Cherry flowers in spring may be white or pink and have varying numbers of petals.  A  ‘single’ flower has 5 petals, a ‘semi-double’ flower has 2 rows of 5 petals and a ‘double’ has 3 or more rows. ‘semi-double or double’ flowers arise when some of the rows of anthers  become petals. 

Wild Cherry flowers

The Wild Cherry Prunus avium is widely planted in new woodlands, parks, gardens and streets. It has ‘single’ flowers.

Wild Cherry cultivar 'Plena'

The Wild Cherry cultivar ‘Plena’ has white ‘double’ flowers. Each flower has up to 30 petals.

Japanese Flowering Cherries are a large group of cultivars that were bred in Japan from the 15th Century and were known collectively as Sato Zakura (village cherries). Their taxonomic origin is unclear but one of their parents is believed to be the Japanese Cherry (Prunus serrulata), native to northern and central China, Korea and Japan. The flowering cherries were introduced to Britain as early as 1822. They bear white or pink flowers in spring. There are more than 20 cultivars on sale in Britain. Some examples are shown here.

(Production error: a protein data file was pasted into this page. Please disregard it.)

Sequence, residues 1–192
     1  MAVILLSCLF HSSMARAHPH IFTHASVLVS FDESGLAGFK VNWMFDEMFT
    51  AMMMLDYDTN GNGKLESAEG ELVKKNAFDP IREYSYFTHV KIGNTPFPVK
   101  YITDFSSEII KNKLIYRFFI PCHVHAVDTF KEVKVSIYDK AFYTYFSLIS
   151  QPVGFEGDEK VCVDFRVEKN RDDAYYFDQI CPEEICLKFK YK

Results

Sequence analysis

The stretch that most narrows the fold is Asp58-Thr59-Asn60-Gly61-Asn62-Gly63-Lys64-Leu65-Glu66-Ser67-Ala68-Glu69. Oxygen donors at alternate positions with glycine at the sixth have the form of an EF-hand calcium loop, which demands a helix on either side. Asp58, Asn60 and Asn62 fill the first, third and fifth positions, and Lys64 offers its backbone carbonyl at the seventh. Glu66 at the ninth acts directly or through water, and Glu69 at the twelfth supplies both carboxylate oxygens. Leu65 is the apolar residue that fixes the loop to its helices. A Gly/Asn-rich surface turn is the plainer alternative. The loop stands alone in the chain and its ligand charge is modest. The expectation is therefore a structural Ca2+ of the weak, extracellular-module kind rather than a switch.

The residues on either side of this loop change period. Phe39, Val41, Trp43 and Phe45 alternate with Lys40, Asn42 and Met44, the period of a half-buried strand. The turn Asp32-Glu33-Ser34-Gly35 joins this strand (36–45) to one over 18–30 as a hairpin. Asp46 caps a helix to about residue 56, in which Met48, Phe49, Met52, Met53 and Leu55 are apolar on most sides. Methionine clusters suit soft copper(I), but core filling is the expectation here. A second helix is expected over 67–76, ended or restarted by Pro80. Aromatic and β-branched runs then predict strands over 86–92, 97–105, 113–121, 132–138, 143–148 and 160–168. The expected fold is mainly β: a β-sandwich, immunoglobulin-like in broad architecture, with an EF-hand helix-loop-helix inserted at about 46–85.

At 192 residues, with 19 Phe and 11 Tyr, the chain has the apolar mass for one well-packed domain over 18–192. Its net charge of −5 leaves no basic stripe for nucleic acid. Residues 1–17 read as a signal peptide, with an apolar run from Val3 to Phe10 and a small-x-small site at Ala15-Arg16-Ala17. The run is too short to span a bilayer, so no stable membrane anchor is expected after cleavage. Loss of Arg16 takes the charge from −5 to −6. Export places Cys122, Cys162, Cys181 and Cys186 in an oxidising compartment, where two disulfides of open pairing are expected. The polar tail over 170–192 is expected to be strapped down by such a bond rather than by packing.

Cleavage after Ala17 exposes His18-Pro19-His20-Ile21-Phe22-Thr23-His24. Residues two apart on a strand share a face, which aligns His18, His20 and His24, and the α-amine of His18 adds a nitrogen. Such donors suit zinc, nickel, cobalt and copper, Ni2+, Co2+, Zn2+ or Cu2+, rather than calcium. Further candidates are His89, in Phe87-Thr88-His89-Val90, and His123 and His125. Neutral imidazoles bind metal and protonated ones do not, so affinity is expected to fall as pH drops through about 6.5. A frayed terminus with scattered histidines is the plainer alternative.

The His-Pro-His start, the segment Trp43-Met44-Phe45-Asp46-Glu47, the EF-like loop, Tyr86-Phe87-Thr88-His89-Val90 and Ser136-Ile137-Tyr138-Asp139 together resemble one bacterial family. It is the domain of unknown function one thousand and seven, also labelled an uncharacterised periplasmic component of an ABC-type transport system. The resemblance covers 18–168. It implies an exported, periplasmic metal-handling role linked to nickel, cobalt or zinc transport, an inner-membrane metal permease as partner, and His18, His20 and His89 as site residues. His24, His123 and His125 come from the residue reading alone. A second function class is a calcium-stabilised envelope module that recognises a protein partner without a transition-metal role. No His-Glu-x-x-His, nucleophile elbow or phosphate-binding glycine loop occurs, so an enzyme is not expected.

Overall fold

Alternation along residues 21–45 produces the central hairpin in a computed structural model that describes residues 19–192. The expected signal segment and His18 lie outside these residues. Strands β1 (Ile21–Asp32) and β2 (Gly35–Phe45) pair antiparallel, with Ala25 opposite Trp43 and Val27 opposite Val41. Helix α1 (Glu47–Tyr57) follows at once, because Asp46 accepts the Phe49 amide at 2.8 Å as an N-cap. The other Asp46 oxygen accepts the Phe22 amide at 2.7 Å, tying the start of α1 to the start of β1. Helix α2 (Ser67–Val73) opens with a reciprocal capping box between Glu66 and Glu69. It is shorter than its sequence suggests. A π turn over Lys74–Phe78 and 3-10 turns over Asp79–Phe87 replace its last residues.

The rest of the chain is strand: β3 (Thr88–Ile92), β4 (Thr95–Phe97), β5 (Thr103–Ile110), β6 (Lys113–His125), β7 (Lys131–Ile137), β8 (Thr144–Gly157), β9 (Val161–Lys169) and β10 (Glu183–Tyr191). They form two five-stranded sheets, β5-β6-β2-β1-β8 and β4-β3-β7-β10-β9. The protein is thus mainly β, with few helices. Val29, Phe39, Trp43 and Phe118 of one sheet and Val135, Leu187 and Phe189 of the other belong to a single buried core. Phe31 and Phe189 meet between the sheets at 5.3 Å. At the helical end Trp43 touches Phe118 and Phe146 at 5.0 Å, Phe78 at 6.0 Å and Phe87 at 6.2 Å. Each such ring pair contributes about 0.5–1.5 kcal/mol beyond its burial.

'Kanzan' Cherry tree

‘Kanzan’ has pink ‘double’ flowers in spring before the leaves. 

'Kanzan' Cherry flower

Each ‘Kanzan’ flower has 25 to 28 petals.

'Amanogawa' Cherry tree

‘Amanogawa’ has a vertical shape 

'Amanogawa' Cherry flower

It has ‘semi-double’ pale pink flowers.

'Shirofugen' Cherry flower

‘Shirofugen’ has pink/white ‘double’ flowers and is one of the last to flower in spring.  Each flower has 25 or more petals.

'Tai Haku' Cherry flower

‘Tai Haku’, also known as the Great White Cherry, has very large, white, ‘single’ flowers and big leaves.